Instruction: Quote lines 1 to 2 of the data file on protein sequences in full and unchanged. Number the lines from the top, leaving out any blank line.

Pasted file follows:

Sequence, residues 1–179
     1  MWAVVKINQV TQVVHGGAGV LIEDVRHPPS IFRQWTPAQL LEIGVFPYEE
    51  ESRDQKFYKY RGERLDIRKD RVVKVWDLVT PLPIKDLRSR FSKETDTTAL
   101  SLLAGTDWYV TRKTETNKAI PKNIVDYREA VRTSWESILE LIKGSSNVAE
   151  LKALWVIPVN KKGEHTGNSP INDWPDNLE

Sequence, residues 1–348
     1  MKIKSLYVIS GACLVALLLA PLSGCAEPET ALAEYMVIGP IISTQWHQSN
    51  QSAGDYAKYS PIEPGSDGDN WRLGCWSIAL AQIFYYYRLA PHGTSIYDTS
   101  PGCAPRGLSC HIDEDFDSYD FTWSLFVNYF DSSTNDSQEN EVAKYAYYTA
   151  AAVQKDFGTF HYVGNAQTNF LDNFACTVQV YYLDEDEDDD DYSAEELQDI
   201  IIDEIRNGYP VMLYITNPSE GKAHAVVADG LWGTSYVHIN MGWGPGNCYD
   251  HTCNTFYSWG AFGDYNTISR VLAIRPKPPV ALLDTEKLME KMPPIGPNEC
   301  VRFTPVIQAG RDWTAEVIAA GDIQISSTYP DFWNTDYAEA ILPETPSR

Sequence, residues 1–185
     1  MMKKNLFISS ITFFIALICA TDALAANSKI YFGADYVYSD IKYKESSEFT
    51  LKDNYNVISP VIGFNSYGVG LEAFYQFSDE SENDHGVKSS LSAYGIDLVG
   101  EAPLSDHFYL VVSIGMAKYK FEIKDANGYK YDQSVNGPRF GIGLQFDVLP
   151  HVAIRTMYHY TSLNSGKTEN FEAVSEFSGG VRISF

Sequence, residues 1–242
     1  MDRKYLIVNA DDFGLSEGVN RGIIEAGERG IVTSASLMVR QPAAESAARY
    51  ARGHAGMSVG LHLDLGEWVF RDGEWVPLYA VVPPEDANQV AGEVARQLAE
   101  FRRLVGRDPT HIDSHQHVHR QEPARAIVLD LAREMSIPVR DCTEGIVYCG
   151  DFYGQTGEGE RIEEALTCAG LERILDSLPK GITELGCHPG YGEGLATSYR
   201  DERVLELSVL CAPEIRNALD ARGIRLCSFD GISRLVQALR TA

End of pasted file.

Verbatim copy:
Sequence, residues 1–179
     1  MWAVVKINQV TQVVHGGAGV LIEDVRHPPS IFRQWTPAQL LEIGVFPYEE